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Can Danish Enzyme Technology Help Alleviate Asia’s Waste Problems?

Image credit: DONG Energy

Today, large quantities of CO2 are emitted when we extract raw materials for the production of consumer goods. After use, most of these products end up in landfills as wasted resources. Among other drawbacks, this linear, take-make-waste system harms local environments and economies, and exacerbates climate change. 

An enzyme-based technology called REnescience extracts valuable resources from waste, thereby reducing CO2 emissions. The Danish company behind the invention, DONG Energy, is sending a mobile test plant to Malaysia to examine the potential of the technology to help solve the country’s waste challenges. 

According to the World Bank, waste volumes worldwide will have increased by 70 percent in 2025 compared to 2012. This increase will be significant in countries such as Malaysia, where the capacity to handle waste is already limited. The REnescience technology is able to sort waste for recycling, thereby turning a problem into a resource. 

That is why DONG Energy sees a large potential for the technology in Malaysia, as well as in other Asian countries.

Thomas Dalsgaard, EVP at DONG Energy, says: "Malaysia is a very interesting market for our technology as there’s a growing need for exploiting the resources in the increasing waste volumes.”

A valuable carton of juice

DONG Energy

When we recycle materials for use in the production of new goods, we decrease the demand for raw materials and the accumulation of waste in landfills. By treating the unsorted waste with enzymes, REnescience ensures a more efficient waste sorting than what is currently possible with manual sorting. This is good news for the environment as more efficient sorting increases the potential for recycling.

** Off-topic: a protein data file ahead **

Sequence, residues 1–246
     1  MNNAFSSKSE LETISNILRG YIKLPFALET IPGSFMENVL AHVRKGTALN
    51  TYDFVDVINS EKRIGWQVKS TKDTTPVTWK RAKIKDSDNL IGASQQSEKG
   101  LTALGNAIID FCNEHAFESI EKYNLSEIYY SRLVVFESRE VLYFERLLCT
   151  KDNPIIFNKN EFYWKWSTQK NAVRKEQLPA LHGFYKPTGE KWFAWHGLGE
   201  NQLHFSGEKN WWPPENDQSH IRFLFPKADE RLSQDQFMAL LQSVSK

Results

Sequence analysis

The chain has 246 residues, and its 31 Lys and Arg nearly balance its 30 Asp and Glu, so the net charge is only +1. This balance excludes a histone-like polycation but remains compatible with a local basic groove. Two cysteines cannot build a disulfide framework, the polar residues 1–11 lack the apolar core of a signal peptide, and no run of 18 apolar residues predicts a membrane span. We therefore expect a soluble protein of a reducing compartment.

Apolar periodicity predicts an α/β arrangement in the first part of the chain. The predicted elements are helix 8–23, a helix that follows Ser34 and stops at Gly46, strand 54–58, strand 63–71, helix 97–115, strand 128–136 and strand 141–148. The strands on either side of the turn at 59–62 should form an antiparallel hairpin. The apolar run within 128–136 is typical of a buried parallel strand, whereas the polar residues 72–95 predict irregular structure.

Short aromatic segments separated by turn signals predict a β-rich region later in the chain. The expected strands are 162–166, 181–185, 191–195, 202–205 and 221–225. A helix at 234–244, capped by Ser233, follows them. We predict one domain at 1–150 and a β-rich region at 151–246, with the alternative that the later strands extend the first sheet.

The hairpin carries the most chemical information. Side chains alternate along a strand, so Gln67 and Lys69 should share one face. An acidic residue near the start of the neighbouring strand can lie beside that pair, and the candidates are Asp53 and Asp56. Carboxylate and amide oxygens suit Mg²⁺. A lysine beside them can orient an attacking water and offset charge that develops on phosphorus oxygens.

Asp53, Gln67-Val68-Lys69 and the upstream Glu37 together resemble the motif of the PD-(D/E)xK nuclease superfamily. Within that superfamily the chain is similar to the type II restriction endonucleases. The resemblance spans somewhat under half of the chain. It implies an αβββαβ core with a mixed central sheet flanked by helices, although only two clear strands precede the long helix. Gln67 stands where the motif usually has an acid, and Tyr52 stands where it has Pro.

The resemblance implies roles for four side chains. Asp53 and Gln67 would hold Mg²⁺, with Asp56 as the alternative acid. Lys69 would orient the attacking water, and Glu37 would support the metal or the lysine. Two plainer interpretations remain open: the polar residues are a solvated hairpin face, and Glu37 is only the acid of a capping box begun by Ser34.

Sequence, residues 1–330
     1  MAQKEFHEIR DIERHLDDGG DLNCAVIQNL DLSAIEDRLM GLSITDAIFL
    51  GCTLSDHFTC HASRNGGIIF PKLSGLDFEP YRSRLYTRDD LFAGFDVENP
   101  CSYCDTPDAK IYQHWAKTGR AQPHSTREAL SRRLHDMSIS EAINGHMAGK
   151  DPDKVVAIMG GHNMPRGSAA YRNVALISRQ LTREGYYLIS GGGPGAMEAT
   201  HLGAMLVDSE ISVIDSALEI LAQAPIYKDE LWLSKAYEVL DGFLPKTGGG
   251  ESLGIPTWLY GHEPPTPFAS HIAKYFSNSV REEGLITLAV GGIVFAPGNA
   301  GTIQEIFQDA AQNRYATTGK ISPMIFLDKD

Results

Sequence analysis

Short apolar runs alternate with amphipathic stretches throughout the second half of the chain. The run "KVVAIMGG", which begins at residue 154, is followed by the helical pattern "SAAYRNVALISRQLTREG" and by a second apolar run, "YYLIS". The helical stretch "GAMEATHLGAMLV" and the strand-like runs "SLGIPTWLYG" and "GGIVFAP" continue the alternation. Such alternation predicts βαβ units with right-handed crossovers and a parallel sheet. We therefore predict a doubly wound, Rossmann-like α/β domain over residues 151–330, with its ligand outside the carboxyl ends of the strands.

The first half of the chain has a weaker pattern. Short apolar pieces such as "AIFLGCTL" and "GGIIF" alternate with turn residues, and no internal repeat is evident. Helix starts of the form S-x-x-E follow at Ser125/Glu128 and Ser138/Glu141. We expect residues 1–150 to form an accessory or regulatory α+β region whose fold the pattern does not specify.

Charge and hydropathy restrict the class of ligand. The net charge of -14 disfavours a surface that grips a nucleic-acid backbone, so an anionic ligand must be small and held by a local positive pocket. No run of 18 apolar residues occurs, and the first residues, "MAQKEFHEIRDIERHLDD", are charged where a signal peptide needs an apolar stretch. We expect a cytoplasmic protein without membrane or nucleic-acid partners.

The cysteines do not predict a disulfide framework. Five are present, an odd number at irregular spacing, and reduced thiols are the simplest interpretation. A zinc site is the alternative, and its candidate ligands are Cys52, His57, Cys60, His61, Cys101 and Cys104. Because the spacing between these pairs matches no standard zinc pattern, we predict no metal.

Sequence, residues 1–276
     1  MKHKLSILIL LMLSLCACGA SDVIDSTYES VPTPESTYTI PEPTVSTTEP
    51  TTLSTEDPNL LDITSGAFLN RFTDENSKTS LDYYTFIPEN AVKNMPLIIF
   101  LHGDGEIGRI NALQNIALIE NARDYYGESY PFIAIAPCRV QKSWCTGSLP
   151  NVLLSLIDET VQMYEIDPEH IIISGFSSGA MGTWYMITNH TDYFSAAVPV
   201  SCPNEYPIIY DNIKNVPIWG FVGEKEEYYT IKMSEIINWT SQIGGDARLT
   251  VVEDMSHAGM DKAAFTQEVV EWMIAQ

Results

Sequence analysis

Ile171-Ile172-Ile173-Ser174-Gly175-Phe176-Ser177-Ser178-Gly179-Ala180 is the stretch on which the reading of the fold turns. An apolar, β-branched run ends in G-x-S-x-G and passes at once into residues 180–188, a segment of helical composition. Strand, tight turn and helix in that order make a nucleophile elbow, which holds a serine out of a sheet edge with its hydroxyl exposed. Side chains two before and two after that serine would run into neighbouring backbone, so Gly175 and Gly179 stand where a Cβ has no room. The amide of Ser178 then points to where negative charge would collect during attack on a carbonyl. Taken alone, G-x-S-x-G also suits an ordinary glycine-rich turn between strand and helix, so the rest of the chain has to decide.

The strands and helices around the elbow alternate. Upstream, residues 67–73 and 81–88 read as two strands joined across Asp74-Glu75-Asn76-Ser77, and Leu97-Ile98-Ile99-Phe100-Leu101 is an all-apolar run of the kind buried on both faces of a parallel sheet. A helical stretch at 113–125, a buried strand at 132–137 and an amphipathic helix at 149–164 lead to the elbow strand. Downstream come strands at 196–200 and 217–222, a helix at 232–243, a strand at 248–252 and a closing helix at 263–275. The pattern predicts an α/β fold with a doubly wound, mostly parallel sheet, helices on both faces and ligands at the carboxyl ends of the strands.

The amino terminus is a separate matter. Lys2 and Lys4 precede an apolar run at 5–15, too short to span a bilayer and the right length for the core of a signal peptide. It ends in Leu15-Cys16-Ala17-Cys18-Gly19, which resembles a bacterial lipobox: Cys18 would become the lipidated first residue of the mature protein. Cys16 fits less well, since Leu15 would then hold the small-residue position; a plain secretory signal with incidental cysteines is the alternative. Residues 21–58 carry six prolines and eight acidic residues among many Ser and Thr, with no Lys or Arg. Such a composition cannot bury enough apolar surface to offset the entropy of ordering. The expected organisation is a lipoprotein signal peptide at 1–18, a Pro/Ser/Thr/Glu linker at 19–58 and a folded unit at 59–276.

Take an empty carton of orange juice, for example. This packaging contains several materials: paper on the outside, foil on the inside, orange pulp leftovers and maybe a plastic screw cap. When you sort this for recycling, the best you can do is to screw off the plastic cap for recycling and make sure to empty and clean the carton as much as possible. But the fact is that some orange pulp leftovers will go to waste, and the paper and the foil cannot be separated. However, at a REnescience plant, the enzymes separate the waste effectively so the materials can be recycled; the orange pulp leftovers and the paper become biogas, the plastic cap is used for the production of new plastic items, and the foil is burned in a waste incinerator, generating new energy. 

Next stop, Malaysia

The content of waste differs considerably from country to country, and even from city to city. For this reason, it is important to test the REnescience technology locally before making decisions about investments in larger plants. This is exactly what the mobile test plant is for, and why it is now on its way to Malaysia. DONG Energy has just entered into a cooperation agreement with Cenviro, one of Malaysia's largest players within waste management. At first, in close cooperation, the two companies will test the waste in various local communities in Malaysia. Household waste in Malaysia has a high share of organic components, making it a good potential source of biogas. 

Sponsored by DONG Energy.

DONG Energy is also planning to send the mobile plant to other Asian countries to test REnescience’s potential in various contexts. In Denmark and the UK, the technology has already been tested, and DONG Energy is currently constructing the first full-scale REnescience plant near Manchester in the UK. This plant will be capable of handling waste from the equivalent of almost 110,000 households, and is expected to go into operation by early 2017. The future will show whether similar full-scale plants will turn waste into resources in Malaysia and other Asian countries. 


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